Some of this means being in a continuous conversation with the audience. For other insights, it means looking a studies, reports and conducting individual research. A lot of it means just prototyping and testing.
The complexity and rapid progression of the digital world makes it hard to just plan, implement and then run with a finished product. One of the core principles of the digital context is to have a small idea, test it, improve it, test it again, improve it again and so on. It’s all about perpetual iteration.
This insight is the biggest change of how media companies are working in the digital world. It’s also the part that current media companies and even a lot of the ones “born digital” struggle with.
Some media companies iterate their content. They try out new formats, writing styles, video story lines etc. Others are experimenting with new business models like opening up an event space, releasing special purpose apps or starting an agency business. But only very few media companies iterate in their product development like continuously working on making their websites work better and optimizing the CMS and the publishing process.
We think that to be successful as a publisher in the future, a company needs to iterate in all three areas of our model all the time. And it shouldn’t keep the iteration loops inside each area. Every iteration in one area should be shared with the other areas to inspire the iterations there. The result is a constant renewal of the whole company.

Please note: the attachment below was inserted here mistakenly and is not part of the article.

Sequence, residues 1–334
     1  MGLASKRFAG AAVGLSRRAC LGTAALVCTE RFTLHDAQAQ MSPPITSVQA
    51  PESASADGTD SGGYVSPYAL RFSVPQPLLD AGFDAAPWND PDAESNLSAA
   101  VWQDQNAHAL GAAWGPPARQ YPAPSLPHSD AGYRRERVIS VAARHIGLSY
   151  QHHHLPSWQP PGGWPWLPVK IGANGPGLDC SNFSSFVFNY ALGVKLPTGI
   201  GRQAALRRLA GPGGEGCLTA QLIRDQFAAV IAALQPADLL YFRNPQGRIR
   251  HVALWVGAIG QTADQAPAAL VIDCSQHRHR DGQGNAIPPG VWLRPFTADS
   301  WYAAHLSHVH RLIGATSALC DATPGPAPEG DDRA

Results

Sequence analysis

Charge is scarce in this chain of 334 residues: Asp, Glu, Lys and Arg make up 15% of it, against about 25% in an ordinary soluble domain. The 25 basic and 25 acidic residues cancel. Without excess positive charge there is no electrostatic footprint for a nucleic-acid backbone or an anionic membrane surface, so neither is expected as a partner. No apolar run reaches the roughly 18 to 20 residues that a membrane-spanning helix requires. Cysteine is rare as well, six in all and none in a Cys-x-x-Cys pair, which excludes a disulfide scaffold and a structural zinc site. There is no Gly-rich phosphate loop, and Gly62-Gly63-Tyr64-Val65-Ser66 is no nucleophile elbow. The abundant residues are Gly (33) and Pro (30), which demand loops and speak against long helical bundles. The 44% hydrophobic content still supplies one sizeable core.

An example: A company comes up with a new idea for a content format. It will prototype it and test the idea with its audience. The audience feedback might also inform new ideas for business models that might go along with this format. If the company doesn’t have an in-house design-and-development team, this prototyping would be difficult and expansive. But if the project team consists of members who are connected to all three areas, they can iterate towards a viable new outcome rapidly.
That’s why we see a lot of good initial ideas fail. The product development is outsourced and only involved until the launch. And we think that it is impossible to create a successful digital media product without iterating it constantly.
That is the basic concept of our framework for digital media companies. So what can you do with it right now?
- Use it to analyze different media companies and see how they cover the different areas…or not.
- Check the viability of your own (media) company and discover blind spots that you hadn’t thought about in this context yet.
- Investigate the core digital paradigm of constant iteration and ask yourself what that means for your company and team structures, your processes, your project planning and your business model(s).
This introduction to the framework has only been one step for us. Next up is collecting lots of feedback and, of course, iterating the model. And we are writing more in-depth articles about all the different aspects of the framework.
If you have questions about or feedback for the framework, please get in contact.
Update: We’ve already got some very helpful feedback from Florian Steglich from the NZZ Labs. Check out his clarified model. We will wait for more feedback and publish our revised framework on Monday.